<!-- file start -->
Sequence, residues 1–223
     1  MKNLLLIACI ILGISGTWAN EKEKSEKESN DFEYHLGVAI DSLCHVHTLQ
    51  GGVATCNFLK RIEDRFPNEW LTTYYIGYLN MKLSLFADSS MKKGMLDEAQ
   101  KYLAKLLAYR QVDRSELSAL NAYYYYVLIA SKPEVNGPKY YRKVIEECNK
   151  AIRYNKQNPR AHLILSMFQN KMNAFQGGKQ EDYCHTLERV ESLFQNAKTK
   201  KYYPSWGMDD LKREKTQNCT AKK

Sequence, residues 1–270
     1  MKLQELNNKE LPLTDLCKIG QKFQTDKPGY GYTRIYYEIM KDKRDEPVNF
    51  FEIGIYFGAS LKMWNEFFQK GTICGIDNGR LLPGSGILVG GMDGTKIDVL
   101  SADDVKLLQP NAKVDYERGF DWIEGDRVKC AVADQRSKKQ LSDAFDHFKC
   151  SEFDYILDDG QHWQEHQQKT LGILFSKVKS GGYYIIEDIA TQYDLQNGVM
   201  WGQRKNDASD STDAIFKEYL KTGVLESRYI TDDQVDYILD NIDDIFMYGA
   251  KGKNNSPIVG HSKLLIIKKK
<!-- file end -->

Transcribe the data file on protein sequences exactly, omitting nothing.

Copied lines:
Sequence, residues 1–223
     1  MKNLLLIACI ILGISGTWAN EKEKSEKESN DFEYHLGVAI DSLCHVHTLQ
    51  GGVATCNFLK RIEDRFPNEW LTTYYIGYLN MKLSLFADSS MKKGMLDEAQ
   101  KYLAKLLAYR QVDRSELSAL NAYYYYVLIA SKPEVNGPKY YRKVIEECNK
   151  AIRYNKQNPR AHLILSMFQN KMNAFQGGKQ EDYCHTLERV ESLFQNAKTK
   201  KYYPSWGMDD LKREKTQNCT AKK

Sequence, residues 1–270
     1  MKLQELNNKE LPLTDLCKIG QKFQTDKPGY GYTRIYYEIM KDKRDEPVNF
    51  FEIGIYFGAS LKMWNEFFQK GTICGIDNGR LLPGSGILVG GMDGTKIDVL
   101  SADDVKLLQP NAKVDYERGF DWIEGDRVKC AVADQRSKKQ LSDAFDHFKC
   151  SEFDYILDDG QHWQEHQQKT LGILFSKVKS GGYYIIEDIA TQYDLQNGVM
   201  WGQRKNDASD STDAIFKEYL KTGVLESRYI TDDQVDYILD NIDDIFMYGA
   251  KGKNNSPIVG HSKLLIIKKK